Monday, August 8, 2011

Parenting Resilient Kids

In How to Land Your Kid in Therapy, Lori Gottlieb talks about how privileged kids grow up to have self-esteem and coping problems.  The problem?  You guessed it.  Parenting.

Gottlieb isn’t talking about parents being abusive or neglectful, she’s talking about a kind of emotional overindulgence.  It’s about the idea that we have to make our kids happy.  All the time.  And we have to make sure they’re never unhappy.  Ever.

What’s the problem with this?  If we protect kids from any type of emotional upset, how do they learn to cope with discomfort?  If we protect them from anything that doesn’t go their way, how do they respond when things don’t go their way as adults?  How to they develop resilience?

I’m recalling a friend telling me, totally calmly, that she’d have to call me back.  Her son was calling her from college.  She was at her job in New York.  He wanted her to give him directions to a job interview…in Colorado.  Seriously?  She thought it was totally fine.

I’m also recalling the time I had my son, 4 years old or so, in a time out in the post office and was told by a woman, You should be ashamed.  Of what?  Parenting authoritatively?  It’s on such occasions I’m tempted to give a stranger my card and suggest they get in touch about any parenting problems they may have in the future.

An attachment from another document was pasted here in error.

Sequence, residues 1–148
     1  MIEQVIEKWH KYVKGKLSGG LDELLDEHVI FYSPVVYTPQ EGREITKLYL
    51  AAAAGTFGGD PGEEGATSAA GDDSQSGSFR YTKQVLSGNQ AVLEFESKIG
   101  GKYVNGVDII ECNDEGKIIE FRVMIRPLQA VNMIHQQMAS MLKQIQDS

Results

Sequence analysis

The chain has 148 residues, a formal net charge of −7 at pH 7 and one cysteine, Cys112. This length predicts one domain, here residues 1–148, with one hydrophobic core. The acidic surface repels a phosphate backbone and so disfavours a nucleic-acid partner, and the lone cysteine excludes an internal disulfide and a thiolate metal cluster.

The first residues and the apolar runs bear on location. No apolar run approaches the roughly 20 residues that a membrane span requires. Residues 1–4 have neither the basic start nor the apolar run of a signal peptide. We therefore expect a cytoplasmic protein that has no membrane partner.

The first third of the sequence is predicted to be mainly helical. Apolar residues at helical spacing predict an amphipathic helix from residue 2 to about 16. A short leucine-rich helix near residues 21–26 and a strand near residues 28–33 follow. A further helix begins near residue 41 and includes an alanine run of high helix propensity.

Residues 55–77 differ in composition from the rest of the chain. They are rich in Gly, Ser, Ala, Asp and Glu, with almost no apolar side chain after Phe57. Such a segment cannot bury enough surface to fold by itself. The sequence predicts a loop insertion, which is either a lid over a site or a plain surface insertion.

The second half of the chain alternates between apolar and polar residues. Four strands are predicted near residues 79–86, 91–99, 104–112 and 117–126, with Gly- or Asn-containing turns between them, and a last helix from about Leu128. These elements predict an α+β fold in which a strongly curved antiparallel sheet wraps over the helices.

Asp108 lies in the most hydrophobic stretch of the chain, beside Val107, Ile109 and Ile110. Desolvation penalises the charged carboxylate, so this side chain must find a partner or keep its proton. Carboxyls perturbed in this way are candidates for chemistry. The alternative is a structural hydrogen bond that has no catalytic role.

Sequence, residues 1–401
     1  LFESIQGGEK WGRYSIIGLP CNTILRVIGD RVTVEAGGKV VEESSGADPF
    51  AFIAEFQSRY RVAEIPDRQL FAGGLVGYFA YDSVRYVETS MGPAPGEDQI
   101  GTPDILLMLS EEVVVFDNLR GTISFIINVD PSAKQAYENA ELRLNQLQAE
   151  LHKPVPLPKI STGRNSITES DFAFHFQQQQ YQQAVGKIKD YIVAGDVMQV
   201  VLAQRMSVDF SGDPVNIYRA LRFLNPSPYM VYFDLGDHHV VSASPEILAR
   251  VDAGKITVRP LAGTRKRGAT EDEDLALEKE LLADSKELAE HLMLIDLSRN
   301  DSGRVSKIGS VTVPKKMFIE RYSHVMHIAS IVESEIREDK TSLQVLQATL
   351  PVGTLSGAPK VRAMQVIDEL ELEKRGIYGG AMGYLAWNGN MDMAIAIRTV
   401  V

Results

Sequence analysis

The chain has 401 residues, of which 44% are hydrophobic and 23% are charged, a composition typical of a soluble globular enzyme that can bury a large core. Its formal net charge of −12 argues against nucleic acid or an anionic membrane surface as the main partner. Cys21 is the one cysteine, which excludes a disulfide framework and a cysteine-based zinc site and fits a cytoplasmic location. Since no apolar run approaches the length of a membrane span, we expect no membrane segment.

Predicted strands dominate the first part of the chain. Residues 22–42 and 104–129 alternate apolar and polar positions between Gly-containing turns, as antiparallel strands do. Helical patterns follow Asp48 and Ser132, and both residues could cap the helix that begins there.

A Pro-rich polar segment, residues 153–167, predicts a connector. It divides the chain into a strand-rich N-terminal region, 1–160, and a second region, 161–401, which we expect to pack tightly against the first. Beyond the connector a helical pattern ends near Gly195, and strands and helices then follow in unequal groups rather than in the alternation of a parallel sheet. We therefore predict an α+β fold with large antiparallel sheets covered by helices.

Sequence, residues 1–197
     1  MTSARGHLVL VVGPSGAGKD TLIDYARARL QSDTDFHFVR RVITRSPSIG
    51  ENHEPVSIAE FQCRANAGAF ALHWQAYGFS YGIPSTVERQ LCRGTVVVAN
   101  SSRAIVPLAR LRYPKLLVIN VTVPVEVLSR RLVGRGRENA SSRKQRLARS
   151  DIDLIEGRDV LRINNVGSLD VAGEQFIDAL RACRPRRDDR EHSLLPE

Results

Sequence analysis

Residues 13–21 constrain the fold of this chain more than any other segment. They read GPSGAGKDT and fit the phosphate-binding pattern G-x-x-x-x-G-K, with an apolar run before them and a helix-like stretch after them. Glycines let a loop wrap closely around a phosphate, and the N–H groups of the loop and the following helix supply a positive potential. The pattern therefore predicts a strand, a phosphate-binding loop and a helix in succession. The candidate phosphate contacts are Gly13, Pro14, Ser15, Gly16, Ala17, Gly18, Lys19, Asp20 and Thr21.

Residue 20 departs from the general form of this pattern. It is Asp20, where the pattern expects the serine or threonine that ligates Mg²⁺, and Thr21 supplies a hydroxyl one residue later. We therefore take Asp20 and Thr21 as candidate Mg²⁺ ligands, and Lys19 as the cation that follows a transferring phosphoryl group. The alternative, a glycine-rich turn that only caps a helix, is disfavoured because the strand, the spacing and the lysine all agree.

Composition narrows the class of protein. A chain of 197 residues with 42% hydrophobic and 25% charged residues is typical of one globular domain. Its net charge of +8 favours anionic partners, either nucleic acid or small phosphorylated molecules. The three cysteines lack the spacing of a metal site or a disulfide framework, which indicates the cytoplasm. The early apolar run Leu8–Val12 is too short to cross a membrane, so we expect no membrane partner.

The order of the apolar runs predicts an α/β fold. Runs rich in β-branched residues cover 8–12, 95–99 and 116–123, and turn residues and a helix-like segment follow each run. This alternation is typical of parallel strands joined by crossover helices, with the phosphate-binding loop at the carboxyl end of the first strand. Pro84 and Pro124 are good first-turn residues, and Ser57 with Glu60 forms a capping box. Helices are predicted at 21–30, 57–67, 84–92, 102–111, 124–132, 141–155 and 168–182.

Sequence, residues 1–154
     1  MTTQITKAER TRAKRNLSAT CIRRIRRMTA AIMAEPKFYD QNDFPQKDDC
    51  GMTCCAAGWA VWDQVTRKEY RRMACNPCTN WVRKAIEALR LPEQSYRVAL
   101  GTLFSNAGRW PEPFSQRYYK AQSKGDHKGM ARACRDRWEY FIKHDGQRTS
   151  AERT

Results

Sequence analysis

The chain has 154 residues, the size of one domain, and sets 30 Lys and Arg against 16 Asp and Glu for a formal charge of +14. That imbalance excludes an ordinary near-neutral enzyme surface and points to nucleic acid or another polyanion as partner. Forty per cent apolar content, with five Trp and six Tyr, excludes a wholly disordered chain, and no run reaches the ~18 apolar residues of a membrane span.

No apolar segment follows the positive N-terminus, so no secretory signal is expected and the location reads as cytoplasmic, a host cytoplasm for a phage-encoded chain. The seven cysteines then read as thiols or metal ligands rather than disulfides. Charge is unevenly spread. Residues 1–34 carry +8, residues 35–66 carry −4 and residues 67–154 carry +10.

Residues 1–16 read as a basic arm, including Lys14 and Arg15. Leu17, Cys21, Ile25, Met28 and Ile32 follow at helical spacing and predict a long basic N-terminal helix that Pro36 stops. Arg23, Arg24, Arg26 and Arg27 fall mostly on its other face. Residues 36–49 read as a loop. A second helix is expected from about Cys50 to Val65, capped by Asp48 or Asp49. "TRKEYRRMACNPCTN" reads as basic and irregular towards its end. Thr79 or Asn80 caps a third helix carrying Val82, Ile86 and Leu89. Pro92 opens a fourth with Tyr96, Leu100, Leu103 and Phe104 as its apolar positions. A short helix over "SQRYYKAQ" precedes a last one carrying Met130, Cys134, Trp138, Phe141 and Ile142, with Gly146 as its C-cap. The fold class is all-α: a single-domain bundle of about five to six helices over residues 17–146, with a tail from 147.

Gottlieb references Amy Chua’s Battle Hymn of theTiger Mother on how we try to protect our kids from the pain of competition and pretend that average achievement is superior.  Who are we helping with that?

My suggestions:

*Let your child make their own apologies, whether it’s to the shopkeeper after they’ve taken a candy bar or their friend, after they’ve hurt them.
*Let your child negotiate their own issues with teachers, whether it’s about a grade they didn't like or an assignment they need more time on.
*Be honest about their weaknesses, and their strengths.
*Use rewards appropriately, i.e., when they’ve done something worthy, not just because you don’t want them to feel bad.
*Be a good coach, i.e., work on how your child might do and say things, but don’t do or say it for them.

You’re going to watch your child go through all manner of losses, failures and hurts.  It’s all going to make them stronger.

House in the Country, Blood Sweat & Tears

No comments: